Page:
FIGS. 6(a) and 6(b), respectively, are a plane view and a sectional view showing another semiconductor laser array device of this invention.

FIGS. 7 and 8, respectively, are diagrams showing the far-field patterns attained by the semiconductor laser array device shown in FIG. 6(a).

FIGS. 9(a) and 9(b), respectively, are a plane view and a sectional view showing a conventional semiconductor laser array device.

FIG. 10 is a diagram showing the far-field pattern attained by the conventional semiconductor laser array device shown in FIG. 9(a).

FIG. 11 is a diagram showing a laser oscillation process in the conventional semiconductor laser array device shown in FIG. 9(a).

DESCRIPTION OF THE PREFERRED EMBODIMENTS

As mentioned above, the conventional semiconductor laser array device (FIGS. 9(a) and 9(b)) is designed so that the electrical current injection portion 7 is symmetrical with respect to the line 100 along the lasing filaments 9, so that two different lightwaves 101 and 102 (FIG. 11) propagated in the reverse direction within the device attain laser oscillation with the same intensity, resulting in a far-field pattern having two peaks with the same optical intensity. This is because, due to the above-mentioned structure, the two different lightwaves have the same gain. On the contrary, the semiconductor laser array device of this invention is designed to form an electrical current injection portion, which has a significant relation with the gain, into an asymmetrical shape with respect to any line which is parallel to the direction of the waveguides of this device. Thus, one (e.g., the lightwave 101) of the two different lightwaves 101 and 102 propagated in the reverse direction within the device has a greater gain than the other (e.g., the lightwave 102), so that the lightwave 101 alone can attain laser oscillation to produce a laser light 103 while the remaining lightwave 102 cannot attain laser oscillation, resulting in a far-field pattern having a single peak. Moreover, since the device is provided with two kinds of patterned electrical current injection portions, each of which is asymmetrical with respect to any line along the waveguides, a laser light (e.g., 103) based on the desired one (e.g., 101) of the two different lightwaves 101 and 102 can be obtained by the injection of electrical current into one of the two kinds of electrical current injection portions.

EXAMPLE 1

FIGS. 1(a) and 1(b), respectively, show a semiconductor laser array device of this invention, which is produced as follows: on an n-GaAs substrate 1, an n-Alx Ga1-x As cladding layer 2, an Aly Ga1-x As active layer 3, a p-Alx Ga1-X As cladding layer 4 and a p+ -GaAs cap layer 5 are successively grown by liquid phase epitaxy, molecular beam epitaxy, metal organic-chemical vapor deposition or the like. Then, a plurality of channels having a width of 2 μm and a pitch of 5 μm are formed in a parallel manner at the grown layer side by photolithography and an etching technique. On the resulting channeled substrate, an n-Alz Ga1-z As buried layer 6 is grown by liquid phase epitaxy, etc., to fill the channels therewith (wherein 0≦z<y<x or 0≦y<x<z).

Due to the buried layer 6, the active layer 3 gives rise to lateral differences in the refraction index, so that the refraction index of each of the waveguides (i.e., lasing filaments) 9 is higher than that of the remaining portions 10. The periodic variation in the refraction index in the active layer 3 serves as a grating required for attaining laterally distributed-feedback.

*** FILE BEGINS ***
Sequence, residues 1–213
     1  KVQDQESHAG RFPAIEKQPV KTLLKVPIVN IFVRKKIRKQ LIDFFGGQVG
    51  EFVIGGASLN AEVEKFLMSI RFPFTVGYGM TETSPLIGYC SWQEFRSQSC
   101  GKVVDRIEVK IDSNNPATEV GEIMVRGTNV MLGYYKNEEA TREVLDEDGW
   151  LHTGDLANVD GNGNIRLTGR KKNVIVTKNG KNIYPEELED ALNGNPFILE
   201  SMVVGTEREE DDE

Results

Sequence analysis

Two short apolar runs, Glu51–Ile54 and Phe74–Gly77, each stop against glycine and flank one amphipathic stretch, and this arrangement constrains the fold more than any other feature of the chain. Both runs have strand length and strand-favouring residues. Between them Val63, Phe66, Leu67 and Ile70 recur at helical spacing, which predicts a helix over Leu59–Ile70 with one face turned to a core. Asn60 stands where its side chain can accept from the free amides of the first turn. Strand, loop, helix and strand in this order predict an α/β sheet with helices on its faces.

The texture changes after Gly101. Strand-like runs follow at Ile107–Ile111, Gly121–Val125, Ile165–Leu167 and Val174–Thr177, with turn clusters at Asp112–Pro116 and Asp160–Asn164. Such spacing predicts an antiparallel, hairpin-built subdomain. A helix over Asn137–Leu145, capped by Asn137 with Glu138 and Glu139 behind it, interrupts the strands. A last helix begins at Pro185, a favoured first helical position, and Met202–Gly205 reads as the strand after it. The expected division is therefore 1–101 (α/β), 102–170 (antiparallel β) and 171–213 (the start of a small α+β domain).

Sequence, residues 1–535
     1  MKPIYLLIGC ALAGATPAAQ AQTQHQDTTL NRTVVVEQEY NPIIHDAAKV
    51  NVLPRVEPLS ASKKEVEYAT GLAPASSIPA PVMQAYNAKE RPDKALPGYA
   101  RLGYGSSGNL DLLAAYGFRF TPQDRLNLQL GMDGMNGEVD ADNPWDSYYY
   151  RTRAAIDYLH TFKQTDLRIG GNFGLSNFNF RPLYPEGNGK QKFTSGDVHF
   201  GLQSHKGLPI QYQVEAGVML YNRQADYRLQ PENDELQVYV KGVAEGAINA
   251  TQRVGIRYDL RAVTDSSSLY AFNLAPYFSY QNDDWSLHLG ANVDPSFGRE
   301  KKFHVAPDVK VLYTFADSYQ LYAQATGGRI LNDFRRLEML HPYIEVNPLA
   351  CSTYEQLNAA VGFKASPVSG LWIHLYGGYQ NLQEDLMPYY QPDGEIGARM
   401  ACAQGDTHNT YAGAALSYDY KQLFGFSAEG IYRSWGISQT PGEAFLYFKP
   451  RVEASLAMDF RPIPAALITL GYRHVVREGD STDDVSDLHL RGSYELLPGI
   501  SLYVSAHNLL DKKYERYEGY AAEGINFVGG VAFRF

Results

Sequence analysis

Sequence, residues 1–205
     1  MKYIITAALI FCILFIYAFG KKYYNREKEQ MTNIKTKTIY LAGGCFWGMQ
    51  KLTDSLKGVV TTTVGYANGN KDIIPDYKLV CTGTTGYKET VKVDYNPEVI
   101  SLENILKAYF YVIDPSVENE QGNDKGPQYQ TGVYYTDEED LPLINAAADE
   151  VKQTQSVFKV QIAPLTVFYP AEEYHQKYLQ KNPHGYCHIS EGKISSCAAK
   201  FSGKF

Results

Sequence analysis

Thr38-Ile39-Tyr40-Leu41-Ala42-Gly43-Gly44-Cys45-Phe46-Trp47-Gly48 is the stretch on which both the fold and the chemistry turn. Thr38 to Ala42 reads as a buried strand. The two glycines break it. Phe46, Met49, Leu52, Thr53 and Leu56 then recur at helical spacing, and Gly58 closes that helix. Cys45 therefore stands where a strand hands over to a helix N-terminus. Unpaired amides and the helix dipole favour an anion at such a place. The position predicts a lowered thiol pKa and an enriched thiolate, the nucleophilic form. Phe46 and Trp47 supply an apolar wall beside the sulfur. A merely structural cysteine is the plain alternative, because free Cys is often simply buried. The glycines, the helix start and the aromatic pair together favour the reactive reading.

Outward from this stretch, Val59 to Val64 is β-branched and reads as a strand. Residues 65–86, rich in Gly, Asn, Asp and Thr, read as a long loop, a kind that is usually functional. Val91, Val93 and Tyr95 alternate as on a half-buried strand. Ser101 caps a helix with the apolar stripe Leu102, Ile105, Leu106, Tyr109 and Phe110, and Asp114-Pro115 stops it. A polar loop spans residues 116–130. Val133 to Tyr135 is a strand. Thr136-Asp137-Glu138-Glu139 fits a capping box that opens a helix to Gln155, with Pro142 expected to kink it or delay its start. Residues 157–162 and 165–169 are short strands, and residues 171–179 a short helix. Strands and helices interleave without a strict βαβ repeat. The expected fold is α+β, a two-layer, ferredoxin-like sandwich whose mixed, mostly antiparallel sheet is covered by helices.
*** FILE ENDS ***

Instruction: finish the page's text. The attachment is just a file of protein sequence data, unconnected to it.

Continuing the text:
Then, an electrode 18 is formed on the whole back face of the substrate of the resulting wafer, and an electrode 17 is formed as an electrical current injection portion on the upper face of the grown layers in such a manner that the electrode 17 is of an asymmetrical shape (e.g., parallelogram) with respect to any line 110 which is parallel to the waveguides 9. Finally, faces which are at right angles to the waveguides 9 are formed by a cleavage, resulting in the facets for laser resonation. The angle φ of each of the sides of the parallelogram-shaped electrode 17 to the waveguides 9 is selected to be represented by the equation (3):

φ=θ                                              (3)

The obtained laser light is limited to a light emitted only in the direction indicated by the arrow mark 103'. The far-field pattern of the above-mentioned semiconductor laser array device shown in FIGS. 1(a) and 1(b) is shown in FIG. 2, which indicates a single peak.

Alternatively, when the angle φ is selected to be -θ, the obtainable laser light is limited to a light emitted in the opposite direction to the above-mentioned direction 103', attaining the far-field patern shown in FIG. 5 which has a single peak at the opposite side to the side shown in FIG. 2.

EXAMPLE 2

FIG. 3 shows another semiconductor laser device of this invention, which has the same structure as in FIGS. 1(a) and 1(b) except that a portion of each side of the electrode 27 is shaped to protrude to the outside thereof. The degree of gain of one lightwave to the other depends upon the size d of the protrusion of the electrode 27. This device comprising the flat shape of the electrode 27 also attains a far-field pattern having such a single peak as shown in FIG. 2.

Alternatively, when the face of the electrode 27 is disposed downward on the upper face of the grown layers as shown in FIG. 4, the obtainable laser light is limited to a light emitted in the opposite direction indicated by the arrow mark 104', attaining the far-field pattern shown in FIG. 5 which has a single peak at the opposite side to the side shown in FIG. 2.

EXAMPLE 3

FIGS. 6(a) and 6(b) show another semiconductor laser array device of this invention, in which an n-Alx Ga1-x As cladding layer 2, an Aly Ga1-y As active layer 3, a p-Alx Ga1-x As cladding layer 4 and a p+ -GaAs cap layer 5 are successively grown on an n-GaAs substrate 1 in the same manner as in Example 1. The back face of the substrate 1 and the upper face of the grown layers of the resulting wafer are then subjected to a vacuum evaporation treatment with metals, which can produce ohmic contacts, such as Au/Sn or the like and Au/Zn or the like, respectively, followed by a heat treatment at approximately 450 C. for 3 minutes to form alloys, resulting in an ohmic electrode 8 on the whole back face of the substrate 1 and an electrical current injection portion 70 on the upper face of the grown layers.